Israel allocates more than three times the number of hours that OECD countries do to teaching religious subjects, primarily the Bible, in elementary school, data by the Organisation for Economic Co-operation and Development shows.
Even this may not be enough, according to Education Minister Rafi Peretz. Since being appointed to his post in June, Peretz has said several times that he sees the study of Bible in the schools as being of utmost importance. “The goal is Bible for every child, not just a computer for every child,” he said.
“Whoever studies the Bible has no questions about our right to the land, and he has no questions about who this people is and what our hierarchy of values is as members of this wonderful people. These things are clear and known. We are a nation that relies on its spirit, and the Bible is the decisive book in the campaign,” said Peretz at a seminar on Bible held earlier this month at the Herzog Academic College, which is affiliated with the Har Zion Yeshiva in the settlement at Alon Shvut.
Israel allocates 14 percent of classroom hours to religious subjects, primarily Bible in elementary school. That’s 3.5 times as many hours as Europe, which spends only 4 percent of teaching time on religious studies. The OECD average is 5 percent, while the rate for Ireland is 10 percent; Turkey, 2 percent; and in Russia only 1 percent.
The figures refer only to compulsory studies and do not include many instances, as reported by Haaretz, in which religious content has made its way into subjects that are not connected to the Bible or Judaism. In addition, Israeli schools also offer voluntary religious studies that take place after school, conducted by various nonprofit organizations and other groups.
Israel’s investment in Bible studies and Peretz’s emphasis on them are notable given the school system’s catastrophic situation with regard to sciences, math and English. In the most recent PISA exams (the OECD’s international student assessments) conducted in 2015, the failure rates in the math, English and sciences tests was 1.5 that of other OECD countries– and that’s without including ultra-Orthodox pupils, whose achievements in these subjects are generally weak and who don’t take these exams. Thirty-one percent of Israeli pupils failed the science exam; 32 percent failed in math and 27 percent failed the reading test.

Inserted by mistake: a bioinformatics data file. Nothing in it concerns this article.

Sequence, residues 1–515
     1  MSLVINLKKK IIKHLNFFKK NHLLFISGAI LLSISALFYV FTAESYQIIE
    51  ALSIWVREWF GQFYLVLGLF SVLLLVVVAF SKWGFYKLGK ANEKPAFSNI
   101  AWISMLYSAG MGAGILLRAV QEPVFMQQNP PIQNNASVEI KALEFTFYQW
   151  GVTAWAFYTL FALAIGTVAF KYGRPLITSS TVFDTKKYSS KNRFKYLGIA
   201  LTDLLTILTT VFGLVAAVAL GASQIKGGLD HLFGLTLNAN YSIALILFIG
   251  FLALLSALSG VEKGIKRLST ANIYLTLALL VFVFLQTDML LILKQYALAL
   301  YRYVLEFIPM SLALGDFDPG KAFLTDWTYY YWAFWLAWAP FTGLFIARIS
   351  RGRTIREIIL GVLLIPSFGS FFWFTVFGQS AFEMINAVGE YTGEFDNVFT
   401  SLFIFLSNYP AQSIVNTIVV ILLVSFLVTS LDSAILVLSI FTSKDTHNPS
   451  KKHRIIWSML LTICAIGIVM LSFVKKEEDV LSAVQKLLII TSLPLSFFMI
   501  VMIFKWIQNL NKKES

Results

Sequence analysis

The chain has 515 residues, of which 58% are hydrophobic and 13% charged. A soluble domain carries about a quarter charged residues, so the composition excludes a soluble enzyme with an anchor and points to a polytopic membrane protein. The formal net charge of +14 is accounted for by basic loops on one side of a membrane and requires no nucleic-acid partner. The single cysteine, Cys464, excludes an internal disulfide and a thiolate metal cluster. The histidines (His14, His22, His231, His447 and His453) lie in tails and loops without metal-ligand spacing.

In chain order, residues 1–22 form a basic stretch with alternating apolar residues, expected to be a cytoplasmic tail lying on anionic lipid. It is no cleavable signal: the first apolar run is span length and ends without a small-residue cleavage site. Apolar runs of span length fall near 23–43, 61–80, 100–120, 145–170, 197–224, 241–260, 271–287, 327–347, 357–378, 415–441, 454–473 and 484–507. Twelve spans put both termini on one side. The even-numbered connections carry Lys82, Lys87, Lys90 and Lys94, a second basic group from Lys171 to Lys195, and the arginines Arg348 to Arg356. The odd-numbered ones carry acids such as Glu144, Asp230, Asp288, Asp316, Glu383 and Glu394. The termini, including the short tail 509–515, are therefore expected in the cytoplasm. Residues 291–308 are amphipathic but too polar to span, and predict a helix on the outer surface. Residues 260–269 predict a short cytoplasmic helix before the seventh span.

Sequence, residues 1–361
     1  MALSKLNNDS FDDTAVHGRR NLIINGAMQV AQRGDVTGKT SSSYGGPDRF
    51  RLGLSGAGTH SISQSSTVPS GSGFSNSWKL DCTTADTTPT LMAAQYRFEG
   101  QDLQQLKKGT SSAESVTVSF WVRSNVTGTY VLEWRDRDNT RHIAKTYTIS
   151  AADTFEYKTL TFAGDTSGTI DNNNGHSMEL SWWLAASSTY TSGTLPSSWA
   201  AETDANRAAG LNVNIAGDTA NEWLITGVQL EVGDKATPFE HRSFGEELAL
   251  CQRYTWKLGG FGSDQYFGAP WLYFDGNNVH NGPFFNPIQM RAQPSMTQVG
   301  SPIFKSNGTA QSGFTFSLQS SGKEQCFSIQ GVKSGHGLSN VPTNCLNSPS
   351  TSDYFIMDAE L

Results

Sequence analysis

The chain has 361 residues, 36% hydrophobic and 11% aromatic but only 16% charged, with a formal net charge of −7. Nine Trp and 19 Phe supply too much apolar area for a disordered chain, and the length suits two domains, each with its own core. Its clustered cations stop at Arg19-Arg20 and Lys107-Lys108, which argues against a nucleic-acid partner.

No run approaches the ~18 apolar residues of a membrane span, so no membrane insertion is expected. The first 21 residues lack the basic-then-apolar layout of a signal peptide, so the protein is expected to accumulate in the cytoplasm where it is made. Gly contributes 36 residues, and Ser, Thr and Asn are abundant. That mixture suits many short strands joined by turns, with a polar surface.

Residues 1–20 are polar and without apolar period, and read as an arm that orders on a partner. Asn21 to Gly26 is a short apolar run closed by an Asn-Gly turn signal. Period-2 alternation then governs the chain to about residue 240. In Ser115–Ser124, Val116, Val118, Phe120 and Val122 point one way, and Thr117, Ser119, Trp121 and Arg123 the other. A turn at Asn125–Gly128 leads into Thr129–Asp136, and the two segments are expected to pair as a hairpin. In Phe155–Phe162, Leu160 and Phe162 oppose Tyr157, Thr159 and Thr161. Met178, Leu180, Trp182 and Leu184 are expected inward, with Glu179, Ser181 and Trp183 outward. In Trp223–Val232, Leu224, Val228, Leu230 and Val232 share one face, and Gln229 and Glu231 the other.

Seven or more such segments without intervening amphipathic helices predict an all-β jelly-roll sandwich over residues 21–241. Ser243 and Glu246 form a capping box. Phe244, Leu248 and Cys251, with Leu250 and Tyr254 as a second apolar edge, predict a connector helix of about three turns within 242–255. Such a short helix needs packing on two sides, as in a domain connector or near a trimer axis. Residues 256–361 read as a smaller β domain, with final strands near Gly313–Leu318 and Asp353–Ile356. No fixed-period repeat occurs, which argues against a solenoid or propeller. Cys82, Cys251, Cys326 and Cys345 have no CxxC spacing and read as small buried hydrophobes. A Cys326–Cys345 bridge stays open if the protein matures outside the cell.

However, Israeli pupils spend more hours in school on average than OECD pupils and the organization’s data relates only to percentages, not number of hours. It’s possible that despite the hours devoted to Bible, the hours devoted to math and science could in fact be higher than in OECD countries.
Israel invests 22 percent of teaching hours on everything related to reading and written expression, compared to 25 percent in other developed countries. In France, for example, nearly 40 percent of the curriculum is devoted to language acquisition. In math, Israel invests one percentage point more hours than the OECD average. The data also shows that Israel devotes fewer resources to physical education (6 percent of Israeli hours compared to 9 percent in the OECD), and relatively less time to the study of art (6 percent compared to 10 percent in the OECD).
In a report the OECD published last year, emphasis was also placed on the fact that some countries had started to devote part of the curriculum to the optimal use of information technologies and the internet, but Israel isn’t stressing those areas.
During the last school year, TheMarker reported that former Education Minister Naftali Bennett had decided to reduce the number of compulsory hours in math, sciences and technology and English in elementary schools (grades 1-6), after increasing the number of hours devoted to Jewish and Israeli culture. As a result, the number of weekly hours in math for all age groups was reduced to 30, from 36 previously, while the number of hours in sciences and technology were reduced from 18 to 12. Following an inquiry by TheMarker, two of these weekly hours were restored.
During Bennett’s terms as education minister, Jewish and Israeli culture studies became a compulsory subject from third grade to which five weekly hours were devoted. Together with Bible, this became an allocation of 15 weekly hours of Jewish studies, compared to 12 hours of science and technology and 30 hours of math.
In the state-religious schools, Bible and Jewish studies are allocated 55 weekly hours, compare to 29 hours of math. The Education Ministry said then that these were merely the required number of hours, but that schools were advised to invest additional hours in math, science and English. There has been no change in the instructions the ministry has given school principals for the coming year.
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